The outside facilitators bring programming into the women’s facility to, at the very least, mitigate women’s sense of social death. We ideally hope to mobilize prisoners’ resistance to the brutally repressive circumstances in which they find themselves. In doing this, our class explores themes of oppression, power, and patriarchal and white supremacist violence, as well as liberation, resistance, and community organizing. The insiders frequently take the lead in facilitating healing circles in which prisoners voice their personal struggles and share insights and wisdom. Many of the class participants express that the act of articulating their problems helps to bring closure and lessen their pain. In addition to sharing our personal burdens, we also prioritize a politicized curriculum in which participants can connect these burdens to collective struggles. We have found that this process enhances our connectedness and empowers the group to think of ways to oppose and defend against domination. Our group often studies histories of struggle and people’s movements for inspiration and proof that the so-called “power-less” are indeed brimming over with power and vitality. Our approach emphasizes the importance of merging the political and the personal, while honoring the resilience that we each hold. Therefore, we often operate within the messy confines of personal traumas, internalized oppression, and institutionalized violence that can lead to unexpected circumstances in the classroom. For example, our agenda on the next to last class was concerned with an organizing project to address the commissary markups at the facility (for instance, a ten cent bag of ramen sells for fifty cents), and we had not planned on Tiana’s tears and need for support.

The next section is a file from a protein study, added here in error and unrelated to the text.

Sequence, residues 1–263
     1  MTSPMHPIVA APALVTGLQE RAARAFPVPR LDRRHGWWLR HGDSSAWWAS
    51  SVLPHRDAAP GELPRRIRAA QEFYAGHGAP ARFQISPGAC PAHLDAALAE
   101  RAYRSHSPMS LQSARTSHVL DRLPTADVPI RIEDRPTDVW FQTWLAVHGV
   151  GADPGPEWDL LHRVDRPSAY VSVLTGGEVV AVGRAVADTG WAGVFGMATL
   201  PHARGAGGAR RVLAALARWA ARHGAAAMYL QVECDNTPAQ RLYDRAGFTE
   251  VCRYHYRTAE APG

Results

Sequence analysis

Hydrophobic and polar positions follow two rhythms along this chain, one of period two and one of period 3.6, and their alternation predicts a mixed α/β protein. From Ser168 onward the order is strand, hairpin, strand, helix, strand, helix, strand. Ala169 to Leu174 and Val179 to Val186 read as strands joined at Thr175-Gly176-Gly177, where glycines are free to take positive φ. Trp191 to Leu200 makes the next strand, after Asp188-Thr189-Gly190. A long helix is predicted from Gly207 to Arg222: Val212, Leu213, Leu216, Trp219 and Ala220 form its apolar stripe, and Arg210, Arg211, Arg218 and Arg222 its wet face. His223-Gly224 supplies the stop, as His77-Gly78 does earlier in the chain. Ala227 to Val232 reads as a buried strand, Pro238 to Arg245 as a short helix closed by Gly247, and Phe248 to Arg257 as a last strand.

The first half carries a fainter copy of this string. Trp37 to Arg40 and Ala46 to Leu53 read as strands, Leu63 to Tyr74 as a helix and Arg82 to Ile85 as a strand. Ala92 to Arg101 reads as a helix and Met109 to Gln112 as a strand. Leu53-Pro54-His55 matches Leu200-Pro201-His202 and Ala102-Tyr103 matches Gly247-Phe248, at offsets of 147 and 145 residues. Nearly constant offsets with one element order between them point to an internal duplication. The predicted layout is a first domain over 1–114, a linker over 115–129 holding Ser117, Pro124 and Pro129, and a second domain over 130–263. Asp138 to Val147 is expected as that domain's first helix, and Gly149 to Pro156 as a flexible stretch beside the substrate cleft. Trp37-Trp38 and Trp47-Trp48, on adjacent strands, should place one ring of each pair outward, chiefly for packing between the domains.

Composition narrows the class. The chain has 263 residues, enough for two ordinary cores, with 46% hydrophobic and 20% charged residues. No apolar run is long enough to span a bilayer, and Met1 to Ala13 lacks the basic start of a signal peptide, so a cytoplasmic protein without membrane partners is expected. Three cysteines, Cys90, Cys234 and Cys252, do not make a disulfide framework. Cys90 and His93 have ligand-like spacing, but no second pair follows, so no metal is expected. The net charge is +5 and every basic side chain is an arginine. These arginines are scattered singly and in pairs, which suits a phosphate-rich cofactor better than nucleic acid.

In our adoption of an anti-oppression praxis, we prioritize intersectional frameworks. This way of analyzing power is especially necessary for understanding the nuances of domination and how control is exercised through race, class, gender, sexuality, ableism, and citizenship, to name a few. The marriage of anarchism and feminism, particularly queer, women of color, and transnational feminisms, necessitates the dismantling of all oppressive structures. An essential part of this kind of revolutionary project demands that the interconnected structures of patriarchy, transnational capitalism, white supremacy, heteronormativity, and Western imperialism be recognized, as they act differently through and upon people with varied identities. Although traditionally, mainstream feminism has concerned itself with the struggle against gender oppression only and the differences between the “universal” categories of “women” and “men,” a relevant feminist political project understands how other social markers and contexts trouble gender as a singular analytic category. As Sandra Harding points out, “There are no gender relations per se, but only gender relations as constructed by and between classes, races, and cultures.”4 I would add to this list: sexuality, ability, and legal status, which are particularly relevant when talking about incarcerated women. As Patricia Hill Collins has pointed out, these interlocking structures form a matrix of domination—the interconnection of race, class, gender, sexuality, age, nationality, and so on—that differentially, yet incisively, acts upon people depending upon where they are located in the power structure.5